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In Cybersecurity Fight, Governments Leave Hospitals Behind

When hackers target hospitals, the consequences can be dire. Yet hospitals have little help preventing or responding to such attacks.

hospital computers feature main photo
The Erie County Medical Center serves as the Level 1 trauma center for all of Western New York. The 550-bed hospital hosts the region’s HIV care and burn units, and is the teaching hospital for the University of Buffalo. 

In the early morning hours of Sunday, April 9, 2017 -- a quiet time of day when large hospitals like Erie County’s are nonetheless buzzing with activity -- hackers infiltrated the medical center’s computer systems. The screens went blank, replaced by a pop-up message that read, “What happened to your files?” Hospital staffers could get their data back, the message said, but it would cost them: 24 bitcoin, the cybercurrency that, at the time, was equivalent to about $30,000.

Hospital leadership acted quickly. They determined that they wouldn’t pay the ransom. Instead, they shut down the entire computer system, following protocol that had been put in place for a massive power outage. Doctors, nurses and other staffers relied on more rudimentary systems such as pen and paper until they could get back online safely. 

That didn’t fully happen until six weeks later. Rebuilding the network -- and suffering from some lost revenues during the recovery period -- cost the hospital nearly $10 million.

Erie County wasn’t a sitting duck. In fact, the hospital had recently undergone a risk assessment for cyberthreats and had tweaked different parts of its system to make them more secure. It had upgraded its cybersecurity insurance from a $2 million annual plan to $10 million. (That insurance means the hospital wasn’t on the hook for most of the recovery costs after the attack.) In terms of security, the hospital was actually rather advanced, says CEO and President Thomas Quatroche. “Our cybersecurity team said they would have rated us above-average before the attack.”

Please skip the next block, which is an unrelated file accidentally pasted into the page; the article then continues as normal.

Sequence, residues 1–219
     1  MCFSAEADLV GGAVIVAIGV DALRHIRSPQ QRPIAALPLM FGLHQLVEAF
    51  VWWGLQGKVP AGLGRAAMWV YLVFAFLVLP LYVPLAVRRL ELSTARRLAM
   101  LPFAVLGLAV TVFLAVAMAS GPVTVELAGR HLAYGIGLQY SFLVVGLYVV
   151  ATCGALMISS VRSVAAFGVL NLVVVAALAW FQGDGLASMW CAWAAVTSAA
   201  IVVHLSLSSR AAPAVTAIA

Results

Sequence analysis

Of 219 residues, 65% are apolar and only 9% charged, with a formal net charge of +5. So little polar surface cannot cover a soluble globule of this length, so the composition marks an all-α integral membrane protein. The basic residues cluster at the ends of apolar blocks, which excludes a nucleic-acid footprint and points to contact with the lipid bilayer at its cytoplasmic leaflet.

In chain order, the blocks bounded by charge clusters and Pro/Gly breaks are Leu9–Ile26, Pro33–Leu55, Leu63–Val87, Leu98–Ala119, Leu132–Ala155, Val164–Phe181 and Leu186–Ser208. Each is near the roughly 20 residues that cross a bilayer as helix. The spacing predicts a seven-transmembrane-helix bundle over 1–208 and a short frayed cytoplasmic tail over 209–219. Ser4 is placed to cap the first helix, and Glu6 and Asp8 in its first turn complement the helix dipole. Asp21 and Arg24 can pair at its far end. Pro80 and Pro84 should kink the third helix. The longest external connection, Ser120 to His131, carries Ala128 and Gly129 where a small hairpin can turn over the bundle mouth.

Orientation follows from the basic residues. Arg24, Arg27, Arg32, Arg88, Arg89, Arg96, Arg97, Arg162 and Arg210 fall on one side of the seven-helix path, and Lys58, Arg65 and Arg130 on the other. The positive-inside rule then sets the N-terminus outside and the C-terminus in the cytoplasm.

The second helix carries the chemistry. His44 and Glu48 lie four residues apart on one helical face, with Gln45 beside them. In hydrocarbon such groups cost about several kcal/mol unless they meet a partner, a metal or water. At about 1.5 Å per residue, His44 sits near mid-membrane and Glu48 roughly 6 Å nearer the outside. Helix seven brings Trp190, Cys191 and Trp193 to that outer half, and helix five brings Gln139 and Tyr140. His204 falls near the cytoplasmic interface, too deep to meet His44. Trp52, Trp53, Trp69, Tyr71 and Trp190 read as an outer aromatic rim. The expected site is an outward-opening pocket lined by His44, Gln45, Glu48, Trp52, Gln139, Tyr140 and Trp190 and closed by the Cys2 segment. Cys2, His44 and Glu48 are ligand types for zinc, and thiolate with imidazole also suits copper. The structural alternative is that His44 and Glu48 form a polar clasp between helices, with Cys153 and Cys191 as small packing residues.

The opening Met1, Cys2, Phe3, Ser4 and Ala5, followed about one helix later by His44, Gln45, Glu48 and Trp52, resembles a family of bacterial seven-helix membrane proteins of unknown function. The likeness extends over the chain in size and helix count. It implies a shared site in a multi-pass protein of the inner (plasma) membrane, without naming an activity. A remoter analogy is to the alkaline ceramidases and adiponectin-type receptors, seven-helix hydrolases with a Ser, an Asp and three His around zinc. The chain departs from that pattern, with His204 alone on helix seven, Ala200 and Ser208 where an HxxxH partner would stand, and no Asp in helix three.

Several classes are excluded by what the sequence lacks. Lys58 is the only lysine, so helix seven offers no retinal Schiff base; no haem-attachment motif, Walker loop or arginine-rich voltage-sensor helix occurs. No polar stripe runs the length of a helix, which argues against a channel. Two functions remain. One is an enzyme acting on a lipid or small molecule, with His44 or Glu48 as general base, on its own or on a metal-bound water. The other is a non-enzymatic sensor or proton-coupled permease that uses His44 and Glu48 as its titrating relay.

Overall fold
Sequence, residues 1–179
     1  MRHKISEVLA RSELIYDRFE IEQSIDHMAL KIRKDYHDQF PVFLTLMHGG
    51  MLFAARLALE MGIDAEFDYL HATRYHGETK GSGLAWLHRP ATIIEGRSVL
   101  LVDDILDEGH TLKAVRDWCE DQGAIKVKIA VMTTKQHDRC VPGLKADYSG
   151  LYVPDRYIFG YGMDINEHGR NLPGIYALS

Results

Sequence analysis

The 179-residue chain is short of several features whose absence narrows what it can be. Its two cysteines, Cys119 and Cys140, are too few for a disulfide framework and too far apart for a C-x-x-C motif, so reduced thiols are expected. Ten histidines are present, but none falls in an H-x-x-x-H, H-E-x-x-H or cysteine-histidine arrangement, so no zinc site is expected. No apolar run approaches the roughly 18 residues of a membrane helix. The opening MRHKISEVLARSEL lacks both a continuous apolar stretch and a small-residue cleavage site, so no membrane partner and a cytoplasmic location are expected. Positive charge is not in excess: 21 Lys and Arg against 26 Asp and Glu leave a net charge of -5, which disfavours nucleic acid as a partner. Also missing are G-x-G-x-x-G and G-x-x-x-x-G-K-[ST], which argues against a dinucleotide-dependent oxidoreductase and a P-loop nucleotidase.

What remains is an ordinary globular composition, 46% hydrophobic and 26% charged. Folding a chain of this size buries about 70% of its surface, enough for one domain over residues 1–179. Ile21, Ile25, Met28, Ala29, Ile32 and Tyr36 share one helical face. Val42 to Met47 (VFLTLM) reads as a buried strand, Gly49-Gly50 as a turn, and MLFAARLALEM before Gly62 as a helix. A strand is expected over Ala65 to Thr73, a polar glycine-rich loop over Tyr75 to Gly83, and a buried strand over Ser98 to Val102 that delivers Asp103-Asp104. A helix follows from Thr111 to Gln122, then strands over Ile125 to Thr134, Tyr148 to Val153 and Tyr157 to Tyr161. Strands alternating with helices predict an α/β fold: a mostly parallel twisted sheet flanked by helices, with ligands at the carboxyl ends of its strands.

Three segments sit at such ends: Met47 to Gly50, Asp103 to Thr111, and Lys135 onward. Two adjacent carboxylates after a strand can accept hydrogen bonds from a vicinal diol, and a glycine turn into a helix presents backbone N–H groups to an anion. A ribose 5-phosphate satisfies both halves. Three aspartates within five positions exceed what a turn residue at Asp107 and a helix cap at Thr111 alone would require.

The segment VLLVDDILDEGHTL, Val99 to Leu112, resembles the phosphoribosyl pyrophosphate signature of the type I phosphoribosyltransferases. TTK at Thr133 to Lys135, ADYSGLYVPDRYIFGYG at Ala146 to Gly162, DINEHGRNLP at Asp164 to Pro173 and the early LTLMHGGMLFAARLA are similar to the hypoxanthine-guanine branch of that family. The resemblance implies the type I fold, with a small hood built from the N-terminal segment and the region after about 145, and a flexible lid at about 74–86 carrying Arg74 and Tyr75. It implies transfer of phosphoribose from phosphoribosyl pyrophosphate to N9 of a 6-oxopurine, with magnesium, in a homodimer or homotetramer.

Many other hospitals across the country have been victims of a similar hack. MedStar Hospitals -- a Washington, D.C.-based chain -- was forced to shut down its computer systems for days after getting hit by a cyberattack in 2016. Princeton Community Hospital in West Virginia had to revamp its entire network after a global cyberattack hit its medical records system. Hollywood Presbyterian Medical Center in Los Angeles decided to pay the $17,000 its hackers requested after the hospital’s computers were taken over. 

Ransomware in general has rapidly become an extremely lucrative operation: In 2015, according to FBI reports, cybercrime victims paid about $24 million to unlock their computers after an attack. By 2016, that number had hit $1 billion. Cyberattacks have become an omnipresent threat. High-profile hacks of companies from Equifax to Uber to Target to Sony Pictures have made it clear that all sorts of data are vulnerable. Credit scores, Social Security numbers, email addresses, credit card numbers. Everything.

But the health-care sector finds itself in a special predicament. Health data can be extremely valuable: National reports suggest that while credit card numbers can be sold by hackers for 10 to 15 cents apiece, a medical record can fetch between $30 and $500. “People don’t think of their health data with the same urgency they would their checkbook,” says LeRoy Foster, chief security officer at Advocate Health, an Illinois-based health system. “But if I get your health-care data, I get everything. I get insurance information, I get part of your financial info and your pharmaceutical information.”